Subsidize a family vacation after you’re gone. All too often when the patriarch or matriarch passes on, family members stop seeing each other. Maybe for the first few years, they’re together at major holidays, such as Thanksgiving. And later on, maybe they get together for weddings. But gradually, there’s nothing left and family members have superficial relationships – or no relationship at all. A highly effective antidote to this is to leave money in your will to pay for a yearly get-together. Some families subsidize an annual dinner while others pay for a nice vacation. Either way, having an endowed yearly meal or vacation can keep families together across the centuries. Ideally, there’s even money budgeted for baby-sitters and child-friendly activities. Endowed family get-togethers can be a highly-effective tool for helping the family continue across the generations.

Write a family newsletter. In a geographically dispersed family, a newsletter can play a huge role in helping the family to maintain a strong and vibrant culture. Include in it interviews with the older family members or employees about the early days and some of the company’s struggles. Maybe interview the matriarch or patriarch on such issues as why it’s good to be public, or why our family should never wash its dirty linen in public, or why it’s a terrible thing to be “addicted to being right.” The newsletter can also help people catch up on family news – maybe someone became an Eagle Scout, got into the college of his or her choice, or got a promotion. It’s also excellent for recording weddings, births, or in the case of an engaged couple, telling the story of how they met. Other topics for your newsletter can include what’s going on in the company, including significant milestones. Make it short, ideally no longer than one or two pages. You want people to read it, and unfortunately, there’s an inverse connection between how long it is and how many people will read it. If it’s limited to one page, your family members are more likely to read it when they get it, as opposed to putting it aside for later and then never getting to it.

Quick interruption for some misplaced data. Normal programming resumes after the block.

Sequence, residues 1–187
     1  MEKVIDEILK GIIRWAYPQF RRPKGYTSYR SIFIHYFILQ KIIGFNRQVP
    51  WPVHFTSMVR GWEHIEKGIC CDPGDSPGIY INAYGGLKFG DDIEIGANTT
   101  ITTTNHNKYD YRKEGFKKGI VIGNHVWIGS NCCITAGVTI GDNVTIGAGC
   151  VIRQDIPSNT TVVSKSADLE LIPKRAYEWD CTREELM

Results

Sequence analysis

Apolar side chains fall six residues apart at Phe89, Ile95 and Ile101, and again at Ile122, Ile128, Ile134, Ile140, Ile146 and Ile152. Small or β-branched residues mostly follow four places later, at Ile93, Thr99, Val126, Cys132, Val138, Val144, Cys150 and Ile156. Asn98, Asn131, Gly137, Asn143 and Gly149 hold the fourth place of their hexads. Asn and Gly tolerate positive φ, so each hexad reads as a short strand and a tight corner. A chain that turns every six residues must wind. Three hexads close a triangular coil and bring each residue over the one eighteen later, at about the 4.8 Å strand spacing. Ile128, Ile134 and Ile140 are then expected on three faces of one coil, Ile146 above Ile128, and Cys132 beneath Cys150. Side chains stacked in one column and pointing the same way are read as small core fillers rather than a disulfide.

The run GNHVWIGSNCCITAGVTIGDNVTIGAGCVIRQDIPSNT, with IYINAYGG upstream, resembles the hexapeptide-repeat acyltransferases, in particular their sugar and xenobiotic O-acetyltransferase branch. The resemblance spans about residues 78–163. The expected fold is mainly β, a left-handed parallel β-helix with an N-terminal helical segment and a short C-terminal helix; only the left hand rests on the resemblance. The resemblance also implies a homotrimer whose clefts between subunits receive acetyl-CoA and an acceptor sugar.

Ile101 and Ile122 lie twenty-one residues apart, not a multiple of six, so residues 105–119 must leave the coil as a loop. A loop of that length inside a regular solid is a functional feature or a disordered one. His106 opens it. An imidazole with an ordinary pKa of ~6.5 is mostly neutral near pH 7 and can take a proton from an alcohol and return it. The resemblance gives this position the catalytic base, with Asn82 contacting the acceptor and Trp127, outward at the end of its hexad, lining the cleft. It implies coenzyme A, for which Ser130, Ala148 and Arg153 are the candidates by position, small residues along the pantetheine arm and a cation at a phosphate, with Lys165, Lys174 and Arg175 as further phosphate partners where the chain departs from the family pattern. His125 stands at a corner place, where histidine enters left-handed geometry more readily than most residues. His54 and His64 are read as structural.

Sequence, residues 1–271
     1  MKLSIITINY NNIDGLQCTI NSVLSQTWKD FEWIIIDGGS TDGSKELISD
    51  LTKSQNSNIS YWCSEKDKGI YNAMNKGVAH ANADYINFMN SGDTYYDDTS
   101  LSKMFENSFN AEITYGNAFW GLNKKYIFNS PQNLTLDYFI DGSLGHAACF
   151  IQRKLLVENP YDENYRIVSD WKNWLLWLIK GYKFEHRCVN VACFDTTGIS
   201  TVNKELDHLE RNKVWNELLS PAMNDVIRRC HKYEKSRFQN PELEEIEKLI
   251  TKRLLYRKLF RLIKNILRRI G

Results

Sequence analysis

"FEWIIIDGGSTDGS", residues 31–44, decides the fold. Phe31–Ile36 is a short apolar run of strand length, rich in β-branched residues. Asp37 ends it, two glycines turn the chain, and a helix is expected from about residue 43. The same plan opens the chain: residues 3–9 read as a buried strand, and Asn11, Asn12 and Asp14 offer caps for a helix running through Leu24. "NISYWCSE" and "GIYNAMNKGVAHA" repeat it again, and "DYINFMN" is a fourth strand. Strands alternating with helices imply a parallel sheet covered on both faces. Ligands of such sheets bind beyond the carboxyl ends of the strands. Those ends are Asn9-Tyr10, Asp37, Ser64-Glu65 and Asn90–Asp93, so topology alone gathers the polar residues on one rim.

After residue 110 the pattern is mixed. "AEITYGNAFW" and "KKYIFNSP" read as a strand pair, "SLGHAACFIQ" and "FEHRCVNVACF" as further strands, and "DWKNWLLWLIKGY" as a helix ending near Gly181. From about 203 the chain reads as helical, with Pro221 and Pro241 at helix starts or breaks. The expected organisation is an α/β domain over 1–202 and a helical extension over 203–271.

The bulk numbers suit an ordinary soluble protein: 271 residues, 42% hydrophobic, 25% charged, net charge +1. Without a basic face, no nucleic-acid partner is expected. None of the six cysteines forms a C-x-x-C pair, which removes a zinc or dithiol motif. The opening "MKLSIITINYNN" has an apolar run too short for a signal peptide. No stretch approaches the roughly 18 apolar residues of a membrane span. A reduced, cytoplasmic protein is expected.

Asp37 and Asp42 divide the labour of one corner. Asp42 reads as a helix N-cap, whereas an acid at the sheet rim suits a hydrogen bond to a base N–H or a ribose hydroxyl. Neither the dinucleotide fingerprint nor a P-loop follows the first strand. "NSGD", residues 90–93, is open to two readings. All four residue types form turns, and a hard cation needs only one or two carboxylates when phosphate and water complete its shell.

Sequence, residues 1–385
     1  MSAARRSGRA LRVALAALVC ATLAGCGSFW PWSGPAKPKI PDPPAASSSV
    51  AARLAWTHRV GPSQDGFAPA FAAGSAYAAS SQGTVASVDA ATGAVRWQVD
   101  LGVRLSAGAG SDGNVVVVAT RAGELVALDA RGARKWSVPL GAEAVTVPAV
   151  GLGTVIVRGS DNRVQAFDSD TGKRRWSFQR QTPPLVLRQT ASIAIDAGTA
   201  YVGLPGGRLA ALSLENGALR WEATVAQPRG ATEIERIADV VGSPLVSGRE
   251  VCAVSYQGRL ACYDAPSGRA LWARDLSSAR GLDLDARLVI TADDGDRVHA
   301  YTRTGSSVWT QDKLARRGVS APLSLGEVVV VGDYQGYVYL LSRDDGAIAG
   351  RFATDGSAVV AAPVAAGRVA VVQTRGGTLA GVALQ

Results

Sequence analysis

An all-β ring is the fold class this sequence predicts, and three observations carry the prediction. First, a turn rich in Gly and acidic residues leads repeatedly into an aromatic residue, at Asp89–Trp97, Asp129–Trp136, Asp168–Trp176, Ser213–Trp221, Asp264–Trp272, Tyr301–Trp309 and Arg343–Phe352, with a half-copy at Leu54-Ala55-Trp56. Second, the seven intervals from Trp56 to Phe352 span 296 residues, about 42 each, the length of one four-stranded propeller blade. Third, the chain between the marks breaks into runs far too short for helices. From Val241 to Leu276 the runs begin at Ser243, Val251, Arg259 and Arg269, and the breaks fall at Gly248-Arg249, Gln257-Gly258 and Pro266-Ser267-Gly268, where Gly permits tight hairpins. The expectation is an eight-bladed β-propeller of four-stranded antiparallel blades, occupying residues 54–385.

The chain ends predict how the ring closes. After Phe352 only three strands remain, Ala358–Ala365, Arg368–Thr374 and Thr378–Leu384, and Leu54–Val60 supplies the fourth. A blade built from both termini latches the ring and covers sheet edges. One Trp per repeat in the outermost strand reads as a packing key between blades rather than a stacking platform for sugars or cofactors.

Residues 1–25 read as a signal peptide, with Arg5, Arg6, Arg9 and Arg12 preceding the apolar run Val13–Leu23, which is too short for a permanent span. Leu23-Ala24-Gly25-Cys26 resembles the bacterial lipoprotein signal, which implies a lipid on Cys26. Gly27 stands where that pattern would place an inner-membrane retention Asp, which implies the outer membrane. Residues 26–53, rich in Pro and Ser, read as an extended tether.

Get help if you need it. Fortunately, there’s a whole new ecosystem of family advisors who can help. There’s no such thing as a family business that doesn’t have conflict, and when there’s a serious family conflict, the pain from it can permeate every hour of every day. Not to mention that it can blow up the whole family, and with it the family business. So, just as you’d get medical help if you if you had alarming chest pains, don’t put off getting professional help if a conflict in the family is getting out of hand. If you Google “family business advisors” you’ll get more than 45,000 hits in half of a second. Or if you have a financial advisor, he or she is likely to be able to refer you to a professional trained in family business relationships.

Family harmony is so important, that anything you can do to nurture it is a wise investment. Many families don’t stay intact over the generations. This is likely to happen when a family leaves its culture to chance. The good news is, planning is something you can do, and even better, the implementation can be enjoyable and fulfilling.

Family members need to learn that being a member of a family business sometimes requires sacrifice.